8. In Northern India Caterers' case A.T.R. 1967 S.C. 1581, the Punjab Act 31 of 1959 provided an additional remedy of eviction to the Government, a remedy which it thought was speedier than the one by way of a suit under the ordinary law. Their Lordships observed that Section 5 of Act 31 of 1959 did not lay down any guiding principle or policy under which the Collector had to decide in which cases he had to follow the one or the other procedure and, therefore, the choice was left to his arbitrary will. Consequently, Section 5 by conferring such an unguided and absolute discretion manifestly violated the right of equality guaranteed by Article 14. Mr. Mehta laid great emphasis on this observation and urged that the sales tax authorities were left with unbridled option to prosecute some dealers and to impose penalties on others and, therefore, Section 10A was violative of Article 14 of the Constitution.

9. A reference to Section 11 of the Central Sales Tax Act would show that no court shall take cognizance of any offence punishable under the Act, including the one under Section 10(b), except with the previous sanction of the Government within the local limits of whose jurisdiction the offence had been committed or of such officer of that Government as it may, by general or special order, specify in this behalf. Section 10A, on the other hand, empowers the imposition of penalty in lieu of prosecution by the authority who granted to the dealer the registration or who was competent to grant him such a certificate. Thus it is clear that the discretion to prosecute resided in an authority different from the one who could impose a penalty. To this extent it cannot be said that it was the same officer who would decide by the toss of a coin or the whim of his mood whether to prosecute or to impose a penalty. Another distinction that could be drawn is that once the penalty was imposed having regard to the proviso to Section 10A(1) no prosecution could be launched. To this limited extent the one course of action closed the doors against the other. We accept the argument advanced by Mr. Shrimal on the authority of Maddula Appa Rao's case [1959] 36 I.T.R. 140 that the object of Section 10 was vindication of public justice as against the object of Section 10A to make tax evasion and concealment as unprofitable and unremunerative. The learned Judges of the Andhra Pradesh High Court in Maddula Appa Rao's case [1959] 36 I.T.R. 140 were considering the provisions of Sections 28, 51 and 52 of the Indian Income-tax Act, 1922. Section 28 of the said Act provided for a penalty for concealment of income or improper distribution of profits, while Section 51 related to the failure to make payments or deliver returns or statements or allow inspection under the title of 'offences and penalties'. Section 52 related to prosecutions arising on account of false statement in declaration. The learned Judges observed:

The question for consideration is, do these provisions of law enable an Income-tax Officer to discriminate as amongst different assessees? We are not much impressed with the argument of the learned counsel for the petitioner on this point. We do not think that the doctrine of 'equal protection of laws' is in any way infringed by the material provisions of the Income-tax Act. They do not leave any unfettered discretion to deal with persons similarly situated in a similar fashion. It is to be borne in mind that these two sets of provisions are designed to achieve two distinct objects.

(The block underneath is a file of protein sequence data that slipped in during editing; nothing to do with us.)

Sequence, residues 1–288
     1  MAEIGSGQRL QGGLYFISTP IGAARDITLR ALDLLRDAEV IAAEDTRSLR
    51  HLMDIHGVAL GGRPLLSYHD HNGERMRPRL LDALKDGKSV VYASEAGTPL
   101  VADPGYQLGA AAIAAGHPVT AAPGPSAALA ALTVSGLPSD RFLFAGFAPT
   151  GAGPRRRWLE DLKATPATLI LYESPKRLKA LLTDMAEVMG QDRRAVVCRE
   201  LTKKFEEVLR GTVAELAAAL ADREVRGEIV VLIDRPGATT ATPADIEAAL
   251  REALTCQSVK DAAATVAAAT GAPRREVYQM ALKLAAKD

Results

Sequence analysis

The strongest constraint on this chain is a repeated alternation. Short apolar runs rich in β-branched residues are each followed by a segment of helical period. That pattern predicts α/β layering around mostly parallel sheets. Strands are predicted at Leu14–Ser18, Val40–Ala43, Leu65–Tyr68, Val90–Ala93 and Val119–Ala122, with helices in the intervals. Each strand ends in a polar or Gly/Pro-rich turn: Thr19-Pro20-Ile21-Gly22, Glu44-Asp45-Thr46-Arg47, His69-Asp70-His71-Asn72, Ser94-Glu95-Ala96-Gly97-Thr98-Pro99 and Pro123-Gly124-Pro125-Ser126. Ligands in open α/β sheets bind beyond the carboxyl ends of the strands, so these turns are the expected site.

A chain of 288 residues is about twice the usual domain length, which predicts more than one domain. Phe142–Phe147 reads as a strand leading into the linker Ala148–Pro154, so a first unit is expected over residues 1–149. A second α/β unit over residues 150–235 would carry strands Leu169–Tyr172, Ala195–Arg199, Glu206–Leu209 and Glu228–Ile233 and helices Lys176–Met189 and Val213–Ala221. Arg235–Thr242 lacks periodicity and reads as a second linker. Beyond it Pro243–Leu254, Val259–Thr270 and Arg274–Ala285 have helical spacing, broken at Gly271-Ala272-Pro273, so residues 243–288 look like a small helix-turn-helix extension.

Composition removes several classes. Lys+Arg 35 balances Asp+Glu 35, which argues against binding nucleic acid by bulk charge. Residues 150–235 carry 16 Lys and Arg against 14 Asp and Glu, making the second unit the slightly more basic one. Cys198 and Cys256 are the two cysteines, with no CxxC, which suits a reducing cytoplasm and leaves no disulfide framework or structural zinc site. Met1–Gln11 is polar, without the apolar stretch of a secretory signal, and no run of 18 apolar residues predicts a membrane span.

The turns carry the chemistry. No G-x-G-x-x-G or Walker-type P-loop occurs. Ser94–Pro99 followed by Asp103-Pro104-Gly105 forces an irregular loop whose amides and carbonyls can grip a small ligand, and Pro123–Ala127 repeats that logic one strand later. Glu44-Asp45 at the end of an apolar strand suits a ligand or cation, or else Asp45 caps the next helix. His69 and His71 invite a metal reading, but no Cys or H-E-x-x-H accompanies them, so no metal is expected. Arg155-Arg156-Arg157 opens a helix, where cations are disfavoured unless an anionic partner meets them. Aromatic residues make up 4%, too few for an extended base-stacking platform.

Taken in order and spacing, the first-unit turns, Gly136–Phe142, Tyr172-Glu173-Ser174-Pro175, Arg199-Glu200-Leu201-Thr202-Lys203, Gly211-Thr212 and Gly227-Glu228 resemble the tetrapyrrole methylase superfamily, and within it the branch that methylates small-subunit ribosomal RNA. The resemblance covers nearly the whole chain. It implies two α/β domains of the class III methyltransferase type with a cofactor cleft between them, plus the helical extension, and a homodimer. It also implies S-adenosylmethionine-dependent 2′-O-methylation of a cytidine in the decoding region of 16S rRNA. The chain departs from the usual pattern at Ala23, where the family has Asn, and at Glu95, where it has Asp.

The aim and object of Section 28 is to make tax evasion and concealment thereof unprofitable and unremunerative, while that of Sections 51 and 52 is the vindication of public justice. While the one aims at punishing the culprit and vindicating public justice, the object of the other is to protect the revenue and to reimburse the Government for the expenditure involved in the investigation of the loss resulting from the fraud of the assessees. Their fields of operation also seem to be different except with regard to one or two matters. It is only with regard to Sub-sections (2) and (4) of Section 28 that there is some overlapping. Therefore, these provisions are not mutually exclusive. A person who had been subject to penalty under Section 28 cannot escape prosecution under Section 51. It is true that Section 28(4) says that a person on whom penalty has been imposed will not be prosecuted. But this is a statutory concession and does not really bear on the question whether one excludes the other. These two kinds of sanctions appear to be a feature of several of the fiscal enactments. The idea in enacting these provisions seems to be to deter taxpayers from resorting to fraudulent practices and for the realisation of taxes as expeditiously as possible.

10. We are in respectful agreement with this approach to the question. The provisions of law, which we are called upon to interpret, are substantially the same. Sections 10 and 10A do not suffer from the vice of placing power in one officer to exercise it erratically or arbitrarily. They are designed to achieve two distinct objects and, therefore, it cannot be said that they are invalid being violative of Article 14 of the Constitution of India.